I have a habit of deciding to go on hikes on a whim. I may or may not have water or even an idea of where the trail leads, but I’m always game for a long walk.
This morning I woke up restless and feeling like getting out of town. So I drove 70 miles north of Portland to Mt. St. Helens. I chose the north side of the mountain, because I wanted to see where the eruption occurred.
In keeping with my last-minute lack of preparedness, I hadn’t checked the weather and wasn’t expecting the thick fog that enveloped the roads at the 1,000 – 3,000 ft elevations. It made for a somewhat uncomfortable drive. Eventually, though, I climbed out of it and pulled over to marvel at the beauty of the clouds.
Earlier in the day, I had stopped at Coldwater Lake – a lake made when debris from the eruption dammed up Coldwater Creek. It was so foggy that I couldn’t see much, although I did see a family of geese.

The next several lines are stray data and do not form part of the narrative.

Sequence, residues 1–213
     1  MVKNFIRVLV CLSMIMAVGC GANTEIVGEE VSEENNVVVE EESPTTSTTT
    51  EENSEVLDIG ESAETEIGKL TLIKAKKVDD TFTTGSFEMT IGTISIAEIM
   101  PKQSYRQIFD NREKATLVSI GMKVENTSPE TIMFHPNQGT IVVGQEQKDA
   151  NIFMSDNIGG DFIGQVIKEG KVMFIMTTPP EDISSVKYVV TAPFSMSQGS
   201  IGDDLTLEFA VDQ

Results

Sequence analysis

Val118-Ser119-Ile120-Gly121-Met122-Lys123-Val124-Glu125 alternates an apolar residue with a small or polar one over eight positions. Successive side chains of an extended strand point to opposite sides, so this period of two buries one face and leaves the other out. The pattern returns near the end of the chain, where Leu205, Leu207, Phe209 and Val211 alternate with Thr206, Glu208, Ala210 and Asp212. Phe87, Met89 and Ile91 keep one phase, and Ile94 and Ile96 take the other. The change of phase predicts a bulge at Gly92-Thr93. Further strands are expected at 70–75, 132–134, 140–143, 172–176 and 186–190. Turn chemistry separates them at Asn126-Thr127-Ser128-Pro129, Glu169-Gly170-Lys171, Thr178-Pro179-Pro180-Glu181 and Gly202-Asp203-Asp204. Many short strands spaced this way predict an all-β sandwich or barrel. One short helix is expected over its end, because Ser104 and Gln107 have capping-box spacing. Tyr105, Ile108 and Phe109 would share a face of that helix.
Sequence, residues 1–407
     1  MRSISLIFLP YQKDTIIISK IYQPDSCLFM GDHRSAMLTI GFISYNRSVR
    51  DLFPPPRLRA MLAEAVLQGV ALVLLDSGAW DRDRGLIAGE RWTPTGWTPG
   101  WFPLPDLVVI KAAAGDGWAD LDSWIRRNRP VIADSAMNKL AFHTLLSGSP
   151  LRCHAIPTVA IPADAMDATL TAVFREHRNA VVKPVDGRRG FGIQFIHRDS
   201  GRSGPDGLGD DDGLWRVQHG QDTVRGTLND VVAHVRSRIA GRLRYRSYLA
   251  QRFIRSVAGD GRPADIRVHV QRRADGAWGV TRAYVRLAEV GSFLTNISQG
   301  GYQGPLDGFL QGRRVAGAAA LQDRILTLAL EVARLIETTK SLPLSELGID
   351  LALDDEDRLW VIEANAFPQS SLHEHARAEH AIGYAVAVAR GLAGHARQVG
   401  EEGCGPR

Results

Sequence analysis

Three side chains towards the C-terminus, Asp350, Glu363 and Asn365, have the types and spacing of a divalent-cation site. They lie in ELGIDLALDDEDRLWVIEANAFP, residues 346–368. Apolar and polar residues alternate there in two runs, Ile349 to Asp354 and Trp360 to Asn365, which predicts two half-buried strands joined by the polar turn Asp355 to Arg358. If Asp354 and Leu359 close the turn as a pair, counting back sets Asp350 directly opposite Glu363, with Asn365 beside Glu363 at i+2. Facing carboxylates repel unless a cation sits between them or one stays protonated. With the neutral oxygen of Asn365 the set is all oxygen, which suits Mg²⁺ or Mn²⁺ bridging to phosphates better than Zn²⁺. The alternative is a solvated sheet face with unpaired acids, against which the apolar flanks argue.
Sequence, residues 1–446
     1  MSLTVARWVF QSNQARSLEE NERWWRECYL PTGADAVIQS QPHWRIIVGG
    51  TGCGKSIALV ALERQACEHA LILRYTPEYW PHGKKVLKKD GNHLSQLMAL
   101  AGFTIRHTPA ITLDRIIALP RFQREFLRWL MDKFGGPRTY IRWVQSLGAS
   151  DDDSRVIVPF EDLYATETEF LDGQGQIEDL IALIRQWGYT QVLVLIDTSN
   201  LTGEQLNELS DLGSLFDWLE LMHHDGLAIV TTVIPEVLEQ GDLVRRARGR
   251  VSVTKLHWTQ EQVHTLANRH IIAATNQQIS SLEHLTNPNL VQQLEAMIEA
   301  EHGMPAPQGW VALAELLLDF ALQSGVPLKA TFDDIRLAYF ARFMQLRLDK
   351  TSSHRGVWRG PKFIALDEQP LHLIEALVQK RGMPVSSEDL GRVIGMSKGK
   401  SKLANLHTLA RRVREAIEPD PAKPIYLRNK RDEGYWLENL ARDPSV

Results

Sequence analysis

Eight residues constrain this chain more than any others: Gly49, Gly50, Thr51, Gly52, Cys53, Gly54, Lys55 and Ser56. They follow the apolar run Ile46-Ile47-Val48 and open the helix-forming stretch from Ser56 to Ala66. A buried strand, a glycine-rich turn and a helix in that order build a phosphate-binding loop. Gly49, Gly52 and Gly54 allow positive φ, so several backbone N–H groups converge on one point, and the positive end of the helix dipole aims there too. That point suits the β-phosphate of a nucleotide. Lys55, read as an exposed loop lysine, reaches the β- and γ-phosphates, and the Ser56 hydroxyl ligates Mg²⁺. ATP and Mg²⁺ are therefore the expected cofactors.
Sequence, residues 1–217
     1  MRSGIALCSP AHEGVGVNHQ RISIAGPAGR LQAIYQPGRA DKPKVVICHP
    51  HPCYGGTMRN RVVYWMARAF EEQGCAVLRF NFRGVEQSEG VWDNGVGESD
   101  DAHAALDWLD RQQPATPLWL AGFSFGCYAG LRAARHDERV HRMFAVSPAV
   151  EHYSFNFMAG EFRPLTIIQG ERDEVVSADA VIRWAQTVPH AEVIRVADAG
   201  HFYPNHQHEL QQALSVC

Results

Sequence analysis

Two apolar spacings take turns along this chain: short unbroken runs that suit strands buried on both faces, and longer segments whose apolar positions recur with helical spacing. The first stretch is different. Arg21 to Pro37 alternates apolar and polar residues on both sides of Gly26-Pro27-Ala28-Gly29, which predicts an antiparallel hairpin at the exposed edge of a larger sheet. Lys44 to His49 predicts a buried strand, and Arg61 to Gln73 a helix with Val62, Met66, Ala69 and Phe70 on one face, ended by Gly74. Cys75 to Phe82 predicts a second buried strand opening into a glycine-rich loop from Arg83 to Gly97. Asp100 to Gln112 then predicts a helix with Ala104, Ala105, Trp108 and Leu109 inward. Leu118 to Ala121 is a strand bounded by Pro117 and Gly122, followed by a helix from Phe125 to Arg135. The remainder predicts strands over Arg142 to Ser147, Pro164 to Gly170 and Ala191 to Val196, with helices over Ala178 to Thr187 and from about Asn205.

The hike I chose was called the Hummocks Trail. “Hummocks” are geographical elements (hills, ponds, creeks, gullies) all created from the eruption. It’s an amazing trail, where huge (think 6 stories) piles of rock and ash create little micro climates. Where an 1/8 mile walk can take you from rock-strewn bare ground and toppled trees to a verdant flower-strewn meadow. And, teasing me through the slowly lifting clouds: glimpses of St Helens.
The gaping hole in the crater is where the entire side and top of the mountain blew off nearly 25 years ago. While much of the valley has renewed itself, the area in the direct line of the eruption still looks like an alien moon scape.
It was extraordinary. I hiked some more and took about 4,000 pictures of wildflowers and other views of the mountain, but I’ll spare you them. Except maybe for one more…
Remember the peek at the peak shot above? Here’s that same spot a few hours later.
All pictures taken by me.